3. Avoid temptation. If ice cream has been your problem, it makes no sense to wander into Baskin-Robbins. Habits are unconscious strategies that are run by triggers. Avoid the trigger, and you’ll avoid the strategy.
  4. Practice, practice, practice. Practice saying no to things. It’s the unconscious yes that drives that ice cream strategy. So if somebody offers you something sweet, say no. You can change your mind later. But this will get you in the habit of saying no when someone offers ice cream.
  5. Anchor your new reward. Create something as a reward for making better choices and eliminating this habit. So let’s say eliminating ice cream will allow you to drop 10 pounds, which will put you in the perfect size for that fabulous little black dress. Take a picture of that LBD and place it somewhere you’re going to see it every day – maybe even on the door of the freezer.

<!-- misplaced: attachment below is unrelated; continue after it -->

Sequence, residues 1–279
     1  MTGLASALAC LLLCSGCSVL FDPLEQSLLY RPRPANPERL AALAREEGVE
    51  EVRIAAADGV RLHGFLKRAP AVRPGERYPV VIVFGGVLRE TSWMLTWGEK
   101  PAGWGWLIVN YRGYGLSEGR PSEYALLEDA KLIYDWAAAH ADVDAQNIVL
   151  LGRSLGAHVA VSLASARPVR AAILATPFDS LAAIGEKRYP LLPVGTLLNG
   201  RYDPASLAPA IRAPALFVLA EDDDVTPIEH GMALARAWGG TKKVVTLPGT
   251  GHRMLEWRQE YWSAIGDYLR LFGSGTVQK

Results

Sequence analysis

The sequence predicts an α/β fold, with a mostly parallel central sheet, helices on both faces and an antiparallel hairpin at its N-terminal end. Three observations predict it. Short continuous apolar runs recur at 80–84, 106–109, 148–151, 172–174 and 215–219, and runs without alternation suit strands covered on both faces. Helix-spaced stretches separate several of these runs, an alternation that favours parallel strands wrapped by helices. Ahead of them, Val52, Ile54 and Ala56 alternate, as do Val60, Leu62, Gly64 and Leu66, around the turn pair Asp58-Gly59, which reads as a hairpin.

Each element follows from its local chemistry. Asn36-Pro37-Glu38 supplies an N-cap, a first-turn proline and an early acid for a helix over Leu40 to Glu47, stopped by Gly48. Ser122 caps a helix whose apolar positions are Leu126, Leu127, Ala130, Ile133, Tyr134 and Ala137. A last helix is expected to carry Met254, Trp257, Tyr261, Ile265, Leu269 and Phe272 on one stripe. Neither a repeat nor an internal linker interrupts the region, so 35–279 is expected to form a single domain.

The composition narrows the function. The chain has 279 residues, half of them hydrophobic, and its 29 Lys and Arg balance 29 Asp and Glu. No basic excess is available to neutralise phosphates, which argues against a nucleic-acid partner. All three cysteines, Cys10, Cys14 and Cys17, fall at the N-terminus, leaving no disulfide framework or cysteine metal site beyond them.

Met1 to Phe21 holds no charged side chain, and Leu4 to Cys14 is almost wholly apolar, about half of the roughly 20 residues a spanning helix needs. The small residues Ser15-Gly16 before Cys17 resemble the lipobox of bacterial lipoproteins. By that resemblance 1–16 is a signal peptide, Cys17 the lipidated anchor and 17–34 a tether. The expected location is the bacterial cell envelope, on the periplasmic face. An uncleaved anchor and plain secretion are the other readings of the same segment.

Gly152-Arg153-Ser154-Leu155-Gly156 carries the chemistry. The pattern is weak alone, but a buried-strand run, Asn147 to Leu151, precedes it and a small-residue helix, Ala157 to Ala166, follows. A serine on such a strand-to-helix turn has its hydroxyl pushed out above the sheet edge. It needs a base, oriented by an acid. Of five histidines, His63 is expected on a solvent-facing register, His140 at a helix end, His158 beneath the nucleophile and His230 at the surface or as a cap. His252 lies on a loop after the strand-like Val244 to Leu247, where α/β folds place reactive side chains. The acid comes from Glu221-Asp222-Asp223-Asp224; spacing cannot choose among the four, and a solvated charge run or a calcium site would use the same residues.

6. Have a backup plan. Using an “if – then” situation, create a backup plan. Example: if I think about having ice cream before bed then I will sip 16 ounces of water while I focus on all the progress I’ve made so far.
  7. Exercise your willpower. We live in such an instant gratification society that we feel any deprivation is uncomfortable. Just keep saying to yourself “I can put this off for two more minutes.” In two more minutes, say the same thing. You need to be conscious about it and you will feel uncomfortable in the beginning. Eventually your willpower will be one of your strongest muscles.